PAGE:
Travis Schlaht, Pierre de Ronsard, Oil On Canvas 12 X 14 (2007)
As a Dog capable of self-locomotion, I'm on vacation this week; post-Hanukkah, pre-Festivus, pre-Bill O'Reilly's Day. I haven't gone anywhere -- just relaxing and getting some actual work done as opposed to the Witless Labor™ I perform most of the rest of the year.
Today, I finally went downhill from where I live to the John Pence Gallery on Post Street in The City. While walking down the southern face of Nob Hill from the Mark Hopkins hotel, for a short time I kept passing members of the Bohemian Club, walking uphill from their Special Treehouse, most probably after lunch.
The Club's dining room is said to serve a decent repast, as you'd expect for one of the centers of power in the Western world. Can't have Our Lords eating like the Peasantry, can we?
The Bohemian Club was originally founded in 1872 in San Francisco by local journalists who wanted contact with the artists of The City -- writers, painters, actors; musicians and librettists. However, that changed quickly; as Wikipedia noted, Journalists were to be regular members; artists and musicians were to be honorary members. The group quickly relaxed its rules for membership to permit some people to join who had little artistic talent, but enjoyed the arts and had greater financial resources. Eventually, the original "bohemian" members were in the minority and the wealthy and powerful controlled the club.
Bohemian Club Building, San Francisco
And so it is today. The Bohemian is a publicly-known exclusive club for the wealthy, the powerful, the connected. The club's bylaws state that approximately a quarter of the membership are to be actual artists, but are only admitted after an audition or show of their work for the real members -- whose understanding of art is only that they can afford to purchase as much of it as they want. The artists are only for show; the real business of the club goes on with its 'real' membership.
A Who's Who of members attending the Club's annual 'Bohemian Grove' celebrations in Marin County would include most of the country's corporate elite, banking and financial organizations; old-money families; and politicians of both parties. Needless to say, over the two weekends each year when the Club hosts its revels, a lot of informal business is done and connections for future business created.
I passed the front of the Club, covered in dead ivy leaves, with its main members' entrance (which you might have seen in the film The Game, where Michael Douglas' investment banker character is [aber natürlich] a member, and meets his brother [Sean Penn] for lunch). A plaque around the corner on Taylor Street honors poet and writer Brett Harte -- who would probably vomit to see just where the accolade was placed, and the sort of characters hosting it. Not so strangely, the Bohemian's building is architecturally cheek-by-jowl with another, lesser San Francisco club, the Metropolitan.
Universally, the men I passed were white-haired Caucasians in their late fifties to mid-sixties, and very well-dressed: Camels'-hair overcoats over their houndstooth sports coats; shined, toe-cap Oxfords; and a bow-tie or two. That, and the demeanor of persons who take no one seriously outside their own class. They don't have to; they'll only engage you if they want their Jag tuned or their bathrooms cleaned, or you have something they want: Then you feel the not-necessarily discreet charm of the haute bourgeois, and you'd best know your place and snap to.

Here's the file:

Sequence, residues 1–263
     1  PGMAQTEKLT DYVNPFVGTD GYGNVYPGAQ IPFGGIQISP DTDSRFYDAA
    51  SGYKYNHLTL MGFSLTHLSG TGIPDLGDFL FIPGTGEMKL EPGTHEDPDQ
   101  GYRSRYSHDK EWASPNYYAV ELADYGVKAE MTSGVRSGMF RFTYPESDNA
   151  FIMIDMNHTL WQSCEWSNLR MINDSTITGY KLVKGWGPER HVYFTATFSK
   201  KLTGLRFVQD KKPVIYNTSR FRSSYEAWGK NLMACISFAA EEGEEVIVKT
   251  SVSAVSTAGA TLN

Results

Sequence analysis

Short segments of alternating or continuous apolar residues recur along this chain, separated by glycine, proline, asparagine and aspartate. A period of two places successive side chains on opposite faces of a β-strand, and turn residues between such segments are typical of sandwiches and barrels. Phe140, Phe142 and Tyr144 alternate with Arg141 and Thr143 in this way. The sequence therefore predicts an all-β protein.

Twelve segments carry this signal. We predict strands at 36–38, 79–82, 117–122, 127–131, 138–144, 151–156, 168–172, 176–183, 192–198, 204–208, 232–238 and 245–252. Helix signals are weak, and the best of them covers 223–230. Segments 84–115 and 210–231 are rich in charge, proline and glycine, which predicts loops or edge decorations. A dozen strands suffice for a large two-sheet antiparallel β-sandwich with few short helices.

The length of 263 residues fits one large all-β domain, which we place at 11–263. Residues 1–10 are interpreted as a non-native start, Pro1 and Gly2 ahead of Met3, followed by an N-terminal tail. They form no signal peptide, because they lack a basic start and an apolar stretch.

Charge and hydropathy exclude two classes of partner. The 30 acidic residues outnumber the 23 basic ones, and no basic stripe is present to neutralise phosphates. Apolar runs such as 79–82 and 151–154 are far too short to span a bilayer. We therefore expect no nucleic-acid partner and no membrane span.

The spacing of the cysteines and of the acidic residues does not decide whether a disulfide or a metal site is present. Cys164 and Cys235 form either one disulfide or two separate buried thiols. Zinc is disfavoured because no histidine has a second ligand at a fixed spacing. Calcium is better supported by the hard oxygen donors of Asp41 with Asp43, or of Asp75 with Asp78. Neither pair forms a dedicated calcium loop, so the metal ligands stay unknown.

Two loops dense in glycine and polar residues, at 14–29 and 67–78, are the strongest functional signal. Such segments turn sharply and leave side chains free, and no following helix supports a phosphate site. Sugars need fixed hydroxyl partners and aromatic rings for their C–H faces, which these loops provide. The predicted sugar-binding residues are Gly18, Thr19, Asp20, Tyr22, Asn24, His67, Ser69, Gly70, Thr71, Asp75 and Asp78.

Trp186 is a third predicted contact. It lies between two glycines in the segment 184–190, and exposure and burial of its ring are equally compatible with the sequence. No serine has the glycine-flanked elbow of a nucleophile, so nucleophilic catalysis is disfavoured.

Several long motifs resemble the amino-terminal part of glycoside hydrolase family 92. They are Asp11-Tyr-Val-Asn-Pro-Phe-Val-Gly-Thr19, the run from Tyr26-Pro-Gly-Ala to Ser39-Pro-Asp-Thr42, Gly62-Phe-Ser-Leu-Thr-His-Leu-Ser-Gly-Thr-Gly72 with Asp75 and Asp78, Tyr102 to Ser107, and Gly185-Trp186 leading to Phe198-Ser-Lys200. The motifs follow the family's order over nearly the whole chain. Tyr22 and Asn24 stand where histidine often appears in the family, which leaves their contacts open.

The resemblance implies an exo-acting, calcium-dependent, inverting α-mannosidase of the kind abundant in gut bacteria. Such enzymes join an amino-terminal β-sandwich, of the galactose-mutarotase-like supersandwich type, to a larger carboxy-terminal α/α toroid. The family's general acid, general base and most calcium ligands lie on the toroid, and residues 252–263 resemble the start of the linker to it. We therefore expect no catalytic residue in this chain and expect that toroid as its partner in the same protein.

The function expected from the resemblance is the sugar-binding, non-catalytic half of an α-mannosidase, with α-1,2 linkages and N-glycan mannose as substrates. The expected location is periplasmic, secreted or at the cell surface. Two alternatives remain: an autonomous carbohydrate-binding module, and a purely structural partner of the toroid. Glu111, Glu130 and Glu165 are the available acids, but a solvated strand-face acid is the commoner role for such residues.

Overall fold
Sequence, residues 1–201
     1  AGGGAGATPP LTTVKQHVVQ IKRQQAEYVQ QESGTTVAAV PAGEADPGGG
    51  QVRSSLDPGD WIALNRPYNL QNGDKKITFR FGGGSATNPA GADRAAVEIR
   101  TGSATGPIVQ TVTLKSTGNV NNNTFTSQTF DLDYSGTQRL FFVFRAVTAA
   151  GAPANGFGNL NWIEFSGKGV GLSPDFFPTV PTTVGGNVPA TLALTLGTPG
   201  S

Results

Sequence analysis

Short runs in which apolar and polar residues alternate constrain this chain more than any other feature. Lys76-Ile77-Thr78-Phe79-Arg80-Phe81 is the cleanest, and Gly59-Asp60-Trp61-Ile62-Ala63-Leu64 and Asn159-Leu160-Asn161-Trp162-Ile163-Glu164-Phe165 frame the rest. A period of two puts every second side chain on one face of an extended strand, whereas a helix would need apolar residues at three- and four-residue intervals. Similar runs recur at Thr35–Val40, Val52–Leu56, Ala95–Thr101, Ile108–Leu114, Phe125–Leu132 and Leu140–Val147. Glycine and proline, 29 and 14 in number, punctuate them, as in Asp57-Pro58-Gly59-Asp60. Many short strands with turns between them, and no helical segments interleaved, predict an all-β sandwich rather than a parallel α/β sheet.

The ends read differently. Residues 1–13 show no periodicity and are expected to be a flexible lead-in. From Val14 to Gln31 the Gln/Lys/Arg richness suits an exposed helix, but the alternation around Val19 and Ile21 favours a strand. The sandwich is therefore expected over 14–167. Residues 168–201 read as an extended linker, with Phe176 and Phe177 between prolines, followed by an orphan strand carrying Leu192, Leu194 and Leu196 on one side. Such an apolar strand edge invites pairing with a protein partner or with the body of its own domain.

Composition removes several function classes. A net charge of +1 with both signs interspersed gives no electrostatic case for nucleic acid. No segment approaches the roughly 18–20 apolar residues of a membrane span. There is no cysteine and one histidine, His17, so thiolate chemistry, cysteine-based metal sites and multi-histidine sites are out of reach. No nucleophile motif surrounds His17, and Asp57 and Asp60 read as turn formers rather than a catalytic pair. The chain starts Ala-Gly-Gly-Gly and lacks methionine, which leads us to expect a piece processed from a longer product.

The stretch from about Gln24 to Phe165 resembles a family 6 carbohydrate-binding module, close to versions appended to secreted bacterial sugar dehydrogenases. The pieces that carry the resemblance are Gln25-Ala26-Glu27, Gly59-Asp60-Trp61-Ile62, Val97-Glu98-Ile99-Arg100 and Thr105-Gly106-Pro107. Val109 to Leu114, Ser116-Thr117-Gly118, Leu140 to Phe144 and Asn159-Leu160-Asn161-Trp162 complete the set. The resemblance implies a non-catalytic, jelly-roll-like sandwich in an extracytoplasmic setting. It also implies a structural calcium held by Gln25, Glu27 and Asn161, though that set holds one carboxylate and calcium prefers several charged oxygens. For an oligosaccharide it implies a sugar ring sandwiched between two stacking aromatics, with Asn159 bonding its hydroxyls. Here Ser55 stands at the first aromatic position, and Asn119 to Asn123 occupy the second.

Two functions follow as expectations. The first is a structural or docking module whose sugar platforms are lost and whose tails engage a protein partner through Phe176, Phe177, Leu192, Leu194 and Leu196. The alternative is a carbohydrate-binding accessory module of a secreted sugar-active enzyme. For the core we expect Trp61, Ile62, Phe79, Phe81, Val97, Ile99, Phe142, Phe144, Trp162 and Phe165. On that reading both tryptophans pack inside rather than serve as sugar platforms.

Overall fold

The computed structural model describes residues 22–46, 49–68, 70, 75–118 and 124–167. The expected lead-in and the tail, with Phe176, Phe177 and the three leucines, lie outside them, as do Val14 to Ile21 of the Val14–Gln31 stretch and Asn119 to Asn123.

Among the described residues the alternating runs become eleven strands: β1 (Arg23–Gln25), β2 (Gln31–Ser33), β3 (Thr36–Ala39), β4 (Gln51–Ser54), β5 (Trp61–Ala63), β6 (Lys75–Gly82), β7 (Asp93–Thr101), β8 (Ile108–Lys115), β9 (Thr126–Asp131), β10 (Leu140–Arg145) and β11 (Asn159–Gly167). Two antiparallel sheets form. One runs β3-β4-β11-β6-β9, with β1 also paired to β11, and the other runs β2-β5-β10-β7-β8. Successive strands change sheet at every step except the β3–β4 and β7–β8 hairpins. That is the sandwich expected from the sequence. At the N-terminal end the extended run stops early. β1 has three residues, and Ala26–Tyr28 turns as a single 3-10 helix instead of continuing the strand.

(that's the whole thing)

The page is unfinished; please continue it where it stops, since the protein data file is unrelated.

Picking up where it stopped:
Finally, I made it to the gallery (with a side trip to a second, small display of student work at a branch of the Art Institute of San Francisco). John Pence, the gallery's owner, has been a major figure in the contemporary realist movement in American painting; a supporter of figurative, realist artists, like the two that have had shows this past month:
On my way back home, I stopped for a moment of quiet in Grace Cathedral, the reinforced-concrete faux Gothic church on Nob Hill, and a stone's throw from another Club for The Elite, the Pacific-Union. Inside, silence almost visibly hangs in the air, the sense of a living presence (which was the point of much sacred architecture from the Gothic era; the soaring, vaulted spaces lifting the eye heavenward). The place was, thankfully, almost empty.
In one of the front pews, I sat for a while, and finally recited to myself a variation on a few lines from one of my favorite John Cheever short stories, "The Apples Of Heaven", where an old poet afflicted with an emblematic sickness of spirit says a prayer made of the names of writers he admired.
God bless Edward Hopper, I thought; God bless Georgia O'Keeffe, and Arthur Dove, too (though I don't like most of his stuff); God bless Jean "Moebius" Giraud; God Bless Alex Ross; God bless Michael Whelan and Donato Giancola; God bless Maxfield Parrish; God bless Fortuno Matania; God bless Henri Matisse, and Vincent Van Gogh, and Claude Monet; God Bless George Grosz, and Käthe Kollwitz; God Bless Albert York; and God bless Mark Rothko; and particularly God bless John Singer Sargent.
What gets me out of bed in the mornings is not the Witless Labor I have to perform for money; it's for whatever small mercies my days may contain, and to see things of beauty -- and if I have the chance to make a few of my own, es ist Besser so.
Now I am home, on my rug by the heater, having turned around twice before lying down: Happy Secular and Non-Secular Holidays To All, and To All A Good Night.
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